5 Ways to Break into Acting Later in Life

So after all these years you have decided you want to be an actor. You are ready to quit your office job, get some great headshots, start auditioning, and give acting a shot. Or maybe you used to be an actor, and are re-entering the business after some years off. So where do you start? How do you jump into this crazy business later in life? How do you enter a marketplace that is rapidly changing, where it’s much easier to get an agent if you are young and hot? How do you make a living as an actor when you are up against all of these people who have been in the business for 20 years already and starred on dozens of network TV shows?

I get questions every day from people of all ages who want to break into the business. They want to know where they fit into the market, and how to make this dream a reality. For these actors, I think the first question you have to ask yourself is, “Do I want to make a living doing this?” or “Do I want to do this as a hobby?” If you want to make a living at it, it’s going to be much more difficult (but not impossible), as a lot of these high paying union jobs will go to more experienced actors, who have proven themselves already in the acting world, have a current résumé and training, and are really going after it every day. If you want to do it as a hobby, however, there are many opportunities out there, whether you are in a major market like L.A. or NYC, or you live somewhere else.

In my book “10 Steps to Breaking into Acting,” I discuss the current market trends, the opportunities, and the important steps actors need to take to break in, no matter what age you are. Here are a few examples below:

1. Explore non-union auditions. There are tons of opportunities for older actors in the non-union world such as student films, plays, readings, short films, etc. Some pay, some don’t. If you don’t have an agent, this is a great résumé builder, and also great for “real world” experience. Create a profile on Backstage, and submit every day for anything that fits your type. There are tons of projects that are constantly looking for talented, older, non-union actors, as they are hard to find! If you are outside of a major market, community theater and dinner theater are great options for older actors.

2. Take a good acting class. Nothing fuels the creative fire like a good acting class. Not only do you get to work your acting muscles on a regular basis, but you are spending time with other actors, networking, and learning from each other. It’s a great support system, and every actor needs it. It’s a chance to play, challenge yourself, make mistakes, and develop your skills. If you don’t have any good classes around, get a bunch of friends together and work on scenes each week. Find scripts online for your type and tape yourself doing scenes. Do anything and everything you can to get experience and knowledge.

3. Consider commercials. With commercials, it’s less about your résumé, and more about type. For older actors with a great headshot, a marketable “look,” and good business sense, finding a commercial agent may be a good leg in to the TV and film world if you are in NYC or L.A. Ad agencies are always looking to appeal to different demographics, and are constantly looking for “real person” actors to fill their spots. If you make a lot of money doing it, it will be much easier to jump over into TV and film. If you are considering going this route, take a good improv class, as it is an essential skill for commercial auditioning.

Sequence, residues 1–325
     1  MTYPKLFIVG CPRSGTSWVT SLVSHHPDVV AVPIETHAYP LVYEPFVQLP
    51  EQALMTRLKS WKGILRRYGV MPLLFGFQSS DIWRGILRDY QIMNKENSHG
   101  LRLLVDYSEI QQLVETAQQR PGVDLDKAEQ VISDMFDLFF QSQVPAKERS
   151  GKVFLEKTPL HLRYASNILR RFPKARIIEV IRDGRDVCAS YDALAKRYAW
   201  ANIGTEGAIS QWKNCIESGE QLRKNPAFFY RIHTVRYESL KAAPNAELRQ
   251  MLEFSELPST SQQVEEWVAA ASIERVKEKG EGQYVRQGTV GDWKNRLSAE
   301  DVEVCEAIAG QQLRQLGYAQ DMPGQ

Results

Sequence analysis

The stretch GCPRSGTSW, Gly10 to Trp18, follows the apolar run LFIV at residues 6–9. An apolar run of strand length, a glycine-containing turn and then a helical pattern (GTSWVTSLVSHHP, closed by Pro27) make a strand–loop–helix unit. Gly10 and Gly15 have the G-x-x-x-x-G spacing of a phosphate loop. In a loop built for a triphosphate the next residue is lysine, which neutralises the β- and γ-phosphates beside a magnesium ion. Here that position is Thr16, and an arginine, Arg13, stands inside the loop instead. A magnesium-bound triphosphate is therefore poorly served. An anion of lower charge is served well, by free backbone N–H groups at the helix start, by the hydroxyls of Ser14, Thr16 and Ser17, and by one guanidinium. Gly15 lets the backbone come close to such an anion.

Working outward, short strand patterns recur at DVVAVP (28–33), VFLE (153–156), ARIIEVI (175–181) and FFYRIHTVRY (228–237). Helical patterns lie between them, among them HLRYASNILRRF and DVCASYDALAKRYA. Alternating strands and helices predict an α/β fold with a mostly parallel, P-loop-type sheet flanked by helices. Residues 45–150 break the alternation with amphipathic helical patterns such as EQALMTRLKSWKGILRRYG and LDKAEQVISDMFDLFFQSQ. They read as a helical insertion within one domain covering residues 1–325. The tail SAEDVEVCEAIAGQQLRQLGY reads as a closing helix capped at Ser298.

4. Self-produce. Frustrated by the lack of parts written for people your age? Create your own! Get a group of older actors together and write an original series. Use it for your demo reel, and show people how marketable you are. A demo reel is a great marketing tool, and will give casting directors a sense of how you are on screen.

5. Attend workshops. If you have a unique look or a special skill, attending casting director workshops may be the way to go. Don’t go spending tons of money thinking this will be your big break! If you are going to do these, be smart, do your research, and see what type of show you are right for, and pay to meet that casting director. Sometimes they are looking for something very specific (proficiency in another language), and many casting directors are known to have found older actors that way, who ended up coming in and booking a co-star role on a network TV show. If you get a few of these on your résumé, maybe it’s time to get an agent and make this more than just a hobby!

I believe there is a place for everyone in this business. Type and talent are obviously important, but more than anything, it’s important to follow your dreams and do what makes you happy. Treat acting as a fun hobby until it becomes more than that. Learn the skills, educate yourself about the business, and surround yourself with people who will help you on that journey and support you. It can be a wonderful, rewarding career!

Like this advice? Check out more from our Backstage Experts!

Matt Newton
Matt Newton is one of the most sought-after on-camera acting coaches in New York City. His clients include Tony winners, Emmy award winners, Golden Globe nominees, and well-known actors from film and TV.

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